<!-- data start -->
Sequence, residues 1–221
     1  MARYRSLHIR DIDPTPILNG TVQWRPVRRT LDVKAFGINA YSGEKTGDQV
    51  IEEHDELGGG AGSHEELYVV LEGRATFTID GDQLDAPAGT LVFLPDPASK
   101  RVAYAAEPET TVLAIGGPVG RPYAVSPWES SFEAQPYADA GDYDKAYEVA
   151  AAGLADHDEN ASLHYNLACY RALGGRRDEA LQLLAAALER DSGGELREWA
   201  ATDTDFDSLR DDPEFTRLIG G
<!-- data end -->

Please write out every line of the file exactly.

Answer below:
Sequence, residues 1–221
     1  MARYRSLHIR DIDPTPILNG TVQWRPVRRT LDVKAFGINA YSGEKTGDQV
    51  IEEHDELGGG AGSHEELYVV LEGRATFTID GDQLDAPAGT LVFLPDPASK
   101  RVAYAAEPET TVLAIGGPVG RPYAVSPWES SFEAQPYADA GDYDKAYEVA
   151  AAGLADHDEN ASLHYNLACY RALGGRRDEA LQLLAAALER DSGGELREWA
   201  ATDTDFDSLR DDPEFTRLIG G